Ford: Goodbye Philippines!
MANILA, Philippines (UPDATED) - The country's only auto exporter has announced its final goodbye.
On Wednesday, June 27, American automaker Ford said it will shut down its assembly plant in the Philippines in 2013 and will just import completely built units.
Peter Fleet, president of Ford ASEAN, said in a press briefing the company will close down its facility in Sta Rosa, Laguna "due to lack of economies and small supply base."
While around 250 jobs will be affected by this recent move, it also puts the Philippines off the automotive manufacturing network map in Asia. This industry has been a key job generator and helps stimulate the economy through, among others, the supply chain.
"This is a very difficult decision. The company studied every possible scenario and opportunity, but we could not make a strong enough business case for future manufacturing," Fleet explained.
Currently, the Ford plant in Laguna is only assembling Ford Escape units, which it exports to affiliates in neighbors Indonesia, Thailand and Malaysia. Fleet said the plant will roll out the last of the Escape by the end of the year and cease operations next year.
Last February, Ford already halted the assembly of Mazda 3 and Ford Focus cars in Laguna and transferred these to its bigger plants in Thailand. These Philippine-assembled cars used to be exported to neighboring countries, too.
That earlier move with the car assembly operations was a portent of things to come.
Why end local operations?
This is the second time that Ford will pull out from the country. It did so in 1976 when the devaluation of the peso jacked up the price of imported parts, raising the company's costs.
It returned to the Philippines in 1999 when it started assembling several models sold locally and for export to affiliates in the region in its Ford $270 million-worth factory.
It boosted operations further when the adminstration of former President Arroyo pushed the Comprehensive Motor Vehicle Development Program (CMVDP), which aimed to revive the automotive manufacturing industry in the country by reducing taxes levied on raw materials coming from ASEAN neighbors.
However, the Aquino administration decided to shelve the program when the tax incentives lapsed in 2010. The government cited the program's failure to expand the export volumes of completely built exports.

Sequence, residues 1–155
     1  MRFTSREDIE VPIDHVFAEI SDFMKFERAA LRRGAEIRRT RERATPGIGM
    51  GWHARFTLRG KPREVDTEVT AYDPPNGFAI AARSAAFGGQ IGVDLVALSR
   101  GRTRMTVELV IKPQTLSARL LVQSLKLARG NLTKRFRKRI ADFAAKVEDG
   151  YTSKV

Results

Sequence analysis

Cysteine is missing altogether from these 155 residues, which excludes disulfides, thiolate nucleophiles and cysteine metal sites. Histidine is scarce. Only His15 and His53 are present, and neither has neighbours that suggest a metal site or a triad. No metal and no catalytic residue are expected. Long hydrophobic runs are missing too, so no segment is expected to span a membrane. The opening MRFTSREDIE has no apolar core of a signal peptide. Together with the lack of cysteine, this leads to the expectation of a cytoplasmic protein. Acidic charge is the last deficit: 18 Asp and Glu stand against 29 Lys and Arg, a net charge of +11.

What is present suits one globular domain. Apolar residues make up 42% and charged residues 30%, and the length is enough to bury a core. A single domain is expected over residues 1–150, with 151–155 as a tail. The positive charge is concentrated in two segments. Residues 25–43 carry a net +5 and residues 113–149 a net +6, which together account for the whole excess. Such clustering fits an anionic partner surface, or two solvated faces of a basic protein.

Ford had countered that the Philippine government did not do its part of curbing vehicle smuggling, as well as stop the spillover of tax-free second-hand cars sold in export processing zones onto the commercial market.
Ford and the automotive industry advocates have been pushing to extending tax perks to keep production in the Philippines, especially against more mature manufacturing bases like Thailand, which is considered as the Detroit in Asia. Ford is headquartered in Detroit.
While Ford officials had noted that Filipinos are highly skilled workers, its executives had explained that the lack of government support compounded the fact that the local market is not growing fast enough and the production costs are higher.
Ford Group Philippines president Randy Krieger had previously explained that "Production cost in the Philippines is significantly higher than in Thailand because of a smaller domestic sales base, high power costs and limited availability of auto parts."
"With free trade within Asean, it's difficult to export from the Philippines," he had said.
Thais buy a total of over 800,000 units a year. Filipinos, on the other hand, have been buying around 142,000 vehicles only.
In 2011, Ford sold 9,778 units and exported almost half of its production from the Sta. Rosa assembly plant that can churn 25,000 units a year.
Ford Escape, the last product line in the Laguna assembly plant, accounts for only 10% of total sales.
Ford said it had exported more than 80,000 vehicles worth $1 billion from its Laguna factory over to Thailand, Malaysia and Indonesia since 2002.
Ford said they will retain sales operations in the Philippines, expand dealership, and keep its aggressive sales growth plans.
Earlier, the company announced that it will open 12 new dealerships this year to bring its nationwide network to 35 authorized dealers.
It added that the affected 250 workers in the Laguna plant will have the optio to join other Ford companies overseas.
27 June 2012